GAINESVILLE, Fla. (AP) An hour after her first NHRA Top Fuel victory, Brittany Force was clutching the trophy as tightly as she does her steering wheel.
She wasn't about to let go, either. It was that special, even for a member of drag racing's first family.
Force earned her first Top Fuel win Sunday by beating Terry McMillen in the final at the prestigious Gatornationals.
''I've been chasing this for quite a few years,'' the 29-year-old Force said. ''I've been wanting it since Day 1. It took a lot of work and a lot of time to get here. It's definitely not as easy as you think it is. ... This weekend was just it for us.''
Robert Hight gave John Force Racing its first career double by winning the Funny Car class. Greg Anderson (Pro Stock) and Eddie Krawiec (Pro Stock Motorcycle) also were winners.
But Brittany Force was the story. One of 16-time world champion John Force's three racing daughters, Brittany was winless in her previous seven Top Fuel finals. She ended the skid at one of the NHRA's premier events, putting down the fastest run of each elimination round against what might have been considered favorable matchups.
The No. 5 qualifier, Force beat Morgan Lucas (12th), Tripp Tatum (13th), Dave Connolly (ninth) and McMillen (14th) en route to the winner's circle.
Hight was waiting for her at the finish line.
''The next one's going to come a lot easier,'' Hight said. ''Until you actually win a race, you don't know that you can do it. There's always that element of doubt and now she knows that she can do it. She knows that she's got a great car. She's going to believe in herself more. And the rest of these Top Fuel guys better watch out.''
Force's mom, dad, sister and team celebrated back at the starting line. John Force climbed on his scooter, with his wife, Laurie, and daughter, Courtney, in tow and headed to join the celebration. John steered with one hand while waving his hat to adoring fans.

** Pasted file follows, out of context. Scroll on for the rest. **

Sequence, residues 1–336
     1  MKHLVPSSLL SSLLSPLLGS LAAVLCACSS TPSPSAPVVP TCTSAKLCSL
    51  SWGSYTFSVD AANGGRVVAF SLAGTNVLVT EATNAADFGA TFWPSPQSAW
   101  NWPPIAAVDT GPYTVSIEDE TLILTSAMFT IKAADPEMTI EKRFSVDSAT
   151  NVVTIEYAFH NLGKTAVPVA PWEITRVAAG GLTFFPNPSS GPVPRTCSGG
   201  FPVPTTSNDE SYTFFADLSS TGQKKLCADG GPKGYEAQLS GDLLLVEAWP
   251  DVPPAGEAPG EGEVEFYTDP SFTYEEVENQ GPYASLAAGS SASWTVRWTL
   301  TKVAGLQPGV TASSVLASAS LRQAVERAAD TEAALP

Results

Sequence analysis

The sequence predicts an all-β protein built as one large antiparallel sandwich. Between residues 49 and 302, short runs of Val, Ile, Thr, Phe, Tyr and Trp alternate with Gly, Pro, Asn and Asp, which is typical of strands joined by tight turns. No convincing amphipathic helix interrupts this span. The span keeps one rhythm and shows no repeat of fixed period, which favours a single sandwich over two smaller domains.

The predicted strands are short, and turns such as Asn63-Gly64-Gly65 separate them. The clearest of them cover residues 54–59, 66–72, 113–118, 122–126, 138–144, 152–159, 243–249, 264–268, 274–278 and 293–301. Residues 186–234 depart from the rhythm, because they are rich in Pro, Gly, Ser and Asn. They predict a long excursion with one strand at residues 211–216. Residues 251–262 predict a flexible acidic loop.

''Courtney looked like she was in tears,'' Brittany Force said. ''She had her sunglasses on, so it was hard to tell. She was very excited. My mom was screaming and jumping up and down. My dad actually didn't say much for once. He was a little speechless. He was a little emotional. I don't even think he said anything. He gave me a hug.''
It was Force's second straight final and came in her 75th event. Coincidentally, John Force's first win came in his 75th event.
Brittany Force lost to Leah Pritchett three weeks ago in Phoenix in the first all-female Top Fuel final since 1982. Force's win gave the Top Fuel class consecutive female winners for the first time since Lori Johns won at Atlanta and Memphis in 1990.
Pritchett was knocked out in the first round of eliminations Sunday along with top qualifier Richie Crampton and defending class champion Antron Brown.
Not that Force needed them, but those upsets helped clear the path for her breakthrough win.
More important was her recent partnership with iconic car tuner Alan Johnson.
Team owner John Force reached out to Johnson before this season, looking to give his daughter a better chance to win. Force hired Johnson as a consultant but put him in charge of the entire Top Fuel program.
Johnson has 15 NHRA national championships, including 11 in Top Fuel, and is considered one of the most innovative and successful crew chiefs in professional drag-racing history.
Johnson had some motivational words for Brittany Force on the starting line.
''Girl, you've got us this far,'' Force said Johnson told her. ''Do it again. Do exactly what you're doing again. And I really needed that. Sometimes, when you pull up there, it's all mental. It's all in your head. Having confidence and feeling that you can do it is a big part of it.''
Brittany Force surely felt pressure to win. After all, Courtney has seven career wins in Funny Car. Her other sister, Ashley, had four before stepping away and becoming a mother.
Now, Brittany is on the board.
She trails dad by 142.
JFR added its 242nd and 243rd victories to an illustrious resume. But the team's first in Top Fuel went to Brittany, and she had no plans to add it to dad's collection.
''I'm taking this home with me,'' she said.